PAGenWeb > Clearfield > Townships > Curwensville Borough History




On December 10, 1798, John Curwen, Sr., of Montgomery county, Pa., obtained from the Commonwealth a patent for three hundred and fifty-one acres of land on the banks of the Susquehanna River, at the mouth of Anderson Creek, in what was at that time part of Lycoming county. On this property Curwen laid out a town, consisting of forty-eight lots, lying between what are now known as Thompson and Locust streets, which he named Curwensville. John Curwen, Sr., bequeathed this property to his son, George Curwen, from whom the greater portion of it was subsequently purchased by John and Wm. Irvin. Up to the year 1812, not a single building had been erected on the town plot, although from the best information now obtainable, it seems that there were at that time two dwellings on the Curwen lands. One of these was erected by Job England, near where the Patton homestead now stands, and the other by a Mr. Weld, near the dwelling no owned by the Misses Nannie and Alice Irvin. In 1813 Daniel Dale built the first house in the town proper, upon the lot corner of State and Filbert streets, where the Owens block is now located; James Moore, James Young, Mark Jordon and Josiah Evans, Esq., built the next dwellings in about the order named. During the year 1818 William Irvin, Sr., the father of Colonel E. A. Irvin and John Irvin, Sr., the father of Colonel John Irvin, came to Curwensville. John Irvin erected a saw-mill, and a grist-mill near the present site of the Irvin flouring-mill.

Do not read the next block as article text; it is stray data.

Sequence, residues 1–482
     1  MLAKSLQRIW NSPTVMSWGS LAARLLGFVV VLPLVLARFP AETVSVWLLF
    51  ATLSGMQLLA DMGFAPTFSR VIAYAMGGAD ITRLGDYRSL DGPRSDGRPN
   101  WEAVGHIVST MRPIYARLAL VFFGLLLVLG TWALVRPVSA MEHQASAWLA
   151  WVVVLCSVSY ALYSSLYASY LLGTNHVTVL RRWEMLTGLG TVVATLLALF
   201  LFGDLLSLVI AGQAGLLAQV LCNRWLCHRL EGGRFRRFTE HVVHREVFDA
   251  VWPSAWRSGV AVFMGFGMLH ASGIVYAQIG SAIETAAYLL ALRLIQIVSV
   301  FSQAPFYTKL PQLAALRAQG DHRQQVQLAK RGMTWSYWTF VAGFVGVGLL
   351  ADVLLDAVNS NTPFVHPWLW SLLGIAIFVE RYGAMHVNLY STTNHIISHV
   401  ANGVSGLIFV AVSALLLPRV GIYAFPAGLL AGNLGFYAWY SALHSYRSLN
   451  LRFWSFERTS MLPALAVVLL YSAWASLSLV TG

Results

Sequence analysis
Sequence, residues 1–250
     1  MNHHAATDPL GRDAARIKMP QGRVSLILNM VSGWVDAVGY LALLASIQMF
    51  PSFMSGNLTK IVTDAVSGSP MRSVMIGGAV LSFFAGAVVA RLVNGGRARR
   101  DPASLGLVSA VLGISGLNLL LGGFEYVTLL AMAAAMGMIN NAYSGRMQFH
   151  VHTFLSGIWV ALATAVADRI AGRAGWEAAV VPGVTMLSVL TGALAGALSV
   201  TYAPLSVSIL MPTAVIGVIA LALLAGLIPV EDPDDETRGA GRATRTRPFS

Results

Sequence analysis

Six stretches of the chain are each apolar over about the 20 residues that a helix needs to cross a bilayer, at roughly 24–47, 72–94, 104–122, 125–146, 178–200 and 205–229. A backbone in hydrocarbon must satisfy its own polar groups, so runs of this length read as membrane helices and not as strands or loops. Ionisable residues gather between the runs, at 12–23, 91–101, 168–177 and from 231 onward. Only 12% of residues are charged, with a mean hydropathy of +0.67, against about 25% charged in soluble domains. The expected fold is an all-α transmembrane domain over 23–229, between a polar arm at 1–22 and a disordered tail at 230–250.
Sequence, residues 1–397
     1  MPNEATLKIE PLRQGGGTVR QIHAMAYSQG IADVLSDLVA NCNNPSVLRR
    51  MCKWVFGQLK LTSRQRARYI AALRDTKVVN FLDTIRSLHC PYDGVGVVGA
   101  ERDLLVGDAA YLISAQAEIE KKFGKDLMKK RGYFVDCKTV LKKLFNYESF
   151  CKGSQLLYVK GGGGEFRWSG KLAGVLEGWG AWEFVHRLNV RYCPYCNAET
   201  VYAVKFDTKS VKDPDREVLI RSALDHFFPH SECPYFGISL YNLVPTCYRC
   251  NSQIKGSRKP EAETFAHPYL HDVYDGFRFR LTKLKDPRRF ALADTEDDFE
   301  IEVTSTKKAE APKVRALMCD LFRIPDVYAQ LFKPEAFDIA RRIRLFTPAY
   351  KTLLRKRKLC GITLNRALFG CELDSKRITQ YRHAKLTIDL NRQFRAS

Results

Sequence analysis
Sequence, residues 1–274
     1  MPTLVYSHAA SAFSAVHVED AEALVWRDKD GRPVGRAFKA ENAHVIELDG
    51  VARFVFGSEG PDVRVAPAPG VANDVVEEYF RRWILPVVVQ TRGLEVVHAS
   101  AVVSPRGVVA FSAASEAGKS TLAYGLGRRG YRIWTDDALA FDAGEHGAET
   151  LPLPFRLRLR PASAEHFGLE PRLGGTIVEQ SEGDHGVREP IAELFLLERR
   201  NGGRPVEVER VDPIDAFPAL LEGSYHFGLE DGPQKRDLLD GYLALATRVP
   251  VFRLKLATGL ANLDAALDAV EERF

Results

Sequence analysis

After the completion of the Erie turnpike, in 1824, the progress of the town was rapid, and by an act of the Legislature, approved the 3rd day of February, 1851, it was incorporated as a borough.

The limits of the borough have been enlarged several times, first by an act of the Legislature, approved the 21st day of March, 1856, and again by an act approved the 24th of April, 1869, and the third time, in 1884, on application of the inhabitants of the adjacent territory, the boundaries were extended by the court so as to include what was known as South Curwensville, and all property as far north as Hogback Run, and east as far as the eastern line of the Irvin farm, and west to near Roaring Run.

In 1871, through the efforts of the citizens, subscriptions amounting to over $60,000 were obtained, and the extension of the T. and C. Railroad to the town, was secured. The road was finished and opened for traffic in 1874.

The Clearfield & Mahoning Branch of the Buffalo, Rochester & Pittsburg Railroad, which passes through Curwensville, was open for traffic in 1893 and the Curwensville & Bower Railroad, a branch of the New York Central & Hudson River Railroad was constructed in 1903-4, so that the town is well supplied with railroad facilities.

Curwensville has seven churches, a weekly newspaper, a national bank, fine system of graded public schools, good water supply, paved streets and electric lights, and is one of the most thriving and progressive, as well as the most beautiful town in the county.

The principal industries are two large tanneries, the largest fire brick plant in the county, two stone quarries, besides other smaller industries.

The present population of the borough is about three thousand (3,000).

Curwensville Sanborn Map, 1892

Park House Hotel circa 1910

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